What about repeatedly tossing five coins all at once and counting the number of heads each time?
What if you did this for 10 coins, or 20?
What is the name of this distribution (the shape of the frequency graph)?
Random numbers are equally likely to begin with each of the digits 0 to 9. This applies to randomly
chosen real numbers or randomly chosen integers.
Randomly chosen real numbers
If you stick a pin at random on a ruler which is 10cm
long and it will fall in each of the 10 sections 0cm1cm, 1cm2cm, etc. with the same probability.
Also, if you look at the initial digits of the points chosen (so that the initial digit of 0.02cm is 2 even though
the point is in the 01cm section) then each of the 9 values from 1 to 9 is as likely as any other value.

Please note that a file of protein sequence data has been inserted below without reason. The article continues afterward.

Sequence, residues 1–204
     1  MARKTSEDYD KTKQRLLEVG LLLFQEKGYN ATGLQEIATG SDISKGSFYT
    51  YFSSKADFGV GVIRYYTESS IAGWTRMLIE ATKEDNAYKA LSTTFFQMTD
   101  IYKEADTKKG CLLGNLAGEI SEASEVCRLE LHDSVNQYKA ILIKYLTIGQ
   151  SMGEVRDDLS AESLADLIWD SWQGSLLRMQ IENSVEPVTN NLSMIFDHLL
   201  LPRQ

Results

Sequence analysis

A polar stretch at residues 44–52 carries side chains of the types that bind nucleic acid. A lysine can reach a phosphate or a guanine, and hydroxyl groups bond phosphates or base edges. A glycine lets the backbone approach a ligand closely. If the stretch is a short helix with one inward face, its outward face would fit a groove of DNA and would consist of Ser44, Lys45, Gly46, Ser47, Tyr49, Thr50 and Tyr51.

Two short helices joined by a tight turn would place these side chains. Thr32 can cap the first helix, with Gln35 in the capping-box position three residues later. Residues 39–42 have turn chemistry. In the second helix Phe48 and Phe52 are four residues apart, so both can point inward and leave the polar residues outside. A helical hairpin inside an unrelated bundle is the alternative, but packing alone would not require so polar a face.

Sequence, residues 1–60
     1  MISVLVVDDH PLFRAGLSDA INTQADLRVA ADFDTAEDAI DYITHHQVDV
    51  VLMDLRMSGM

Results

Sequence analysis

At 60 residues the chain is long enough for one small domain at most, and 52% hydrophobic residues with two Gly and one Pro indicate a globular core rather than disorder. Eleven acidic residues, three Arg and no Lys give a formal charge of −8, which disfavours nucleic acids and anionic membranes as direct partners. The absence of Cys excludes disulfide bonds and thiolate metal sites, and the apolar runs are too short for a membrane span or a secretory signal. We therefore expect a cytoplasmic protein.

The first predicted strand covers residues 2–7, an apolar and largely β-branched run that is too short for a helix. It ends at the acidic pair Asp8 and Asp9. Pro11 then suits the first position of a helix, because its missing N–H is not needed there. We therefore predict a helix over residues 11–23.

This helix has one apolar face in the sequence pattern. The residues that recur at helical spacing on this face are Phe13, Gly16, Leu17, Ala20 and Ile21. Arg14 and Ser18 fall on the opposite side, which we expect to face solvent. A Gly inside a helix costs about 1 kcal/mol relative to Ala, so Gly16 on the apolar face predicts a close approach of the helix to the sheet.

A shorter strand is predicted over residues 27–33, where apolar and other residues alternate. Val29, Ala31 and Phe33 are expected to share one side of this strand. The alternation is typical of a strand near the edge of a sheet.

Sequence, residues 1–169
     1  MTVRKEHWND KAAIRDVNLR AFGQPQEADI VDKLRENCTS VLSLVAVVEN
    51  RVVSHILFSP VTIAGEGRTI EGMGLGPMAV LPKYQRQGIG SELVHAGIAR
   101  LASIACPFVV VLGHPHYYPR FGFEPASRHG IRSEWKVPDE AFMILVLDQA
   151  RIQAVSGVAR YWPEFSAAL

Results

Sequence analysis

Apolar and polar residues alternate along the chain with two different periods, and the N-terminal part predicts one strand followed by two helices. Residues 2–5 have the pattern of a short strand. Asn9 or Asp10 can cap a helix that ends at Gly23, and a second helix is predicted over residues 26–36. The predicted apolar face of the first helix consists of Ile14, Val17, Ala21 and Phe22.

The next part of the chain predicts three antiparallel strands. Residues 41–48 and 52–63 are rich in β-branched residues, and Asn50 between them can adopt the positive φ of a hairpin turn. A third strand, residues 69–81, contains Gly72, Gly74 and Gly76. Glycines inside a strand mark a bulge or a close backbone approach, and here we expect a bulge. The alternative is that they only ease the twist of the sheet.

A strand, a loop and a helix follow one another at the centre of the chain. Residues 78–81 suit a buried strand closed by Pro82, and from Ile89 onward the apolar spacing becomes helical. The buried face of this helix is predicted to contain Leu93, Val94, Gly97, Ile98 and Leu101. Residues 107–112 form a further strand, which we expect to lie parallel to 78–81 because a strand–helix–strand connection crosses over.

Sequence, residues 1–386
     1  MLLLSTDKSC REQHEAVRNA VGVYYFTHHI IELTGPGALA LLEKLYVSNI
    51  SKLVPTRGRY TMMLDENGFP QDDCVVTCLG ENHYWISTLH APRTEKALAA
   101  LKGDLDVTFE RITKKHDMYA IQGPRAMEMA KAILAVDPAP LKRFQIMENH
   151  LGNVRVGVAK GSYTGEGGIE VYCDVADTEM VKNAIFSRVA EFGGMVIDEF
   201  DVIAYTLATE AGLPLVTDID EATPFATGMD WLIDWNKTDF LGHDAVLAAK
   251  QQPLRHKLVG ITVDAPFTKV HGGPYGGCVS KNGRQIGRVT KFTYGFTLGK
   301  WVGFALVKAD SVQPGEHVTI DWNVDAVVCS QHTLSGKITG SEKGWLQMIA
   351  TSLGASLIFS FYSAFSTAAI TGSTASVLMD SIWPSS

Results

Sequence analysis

Randomly chosen integers
This also applies if we choose random integers.
Take a pack of playing cards and remove the jokers, tens, jacks and
queens, leaving in all aces up to 9 and the kings. Each card will represent a different digit, with a king
representing zero. Shuffle the pack and put the first 4 cards in a row to represent a 4 digit integer.
Suppose we have King, Five, King, Nine. This will represent "0509" or the integer 509 whose first digit is 5.
The integer is as likely to begin with 0 (a king) as 1 (an ace) or 2 or any other digit up to 9.
But if our "integer" began with a king (0), then we look at the next "digit".
These have the same distribution as if we had chosen
to put down just 3 cards in a row instead of 4. The first digits all have the same probability again.
If our first two cards had been 0, then we look at the third digit, and the same applies again.
So if we ignore the integer 0, any randomly chosen (4 digit) integer begins with 1 to 9 with equal probability.
(This is not quite true of a row of 5 or more cards if we use an ordinary pack of cards  why?)
So the question is, why does this alldigitsequallylikely property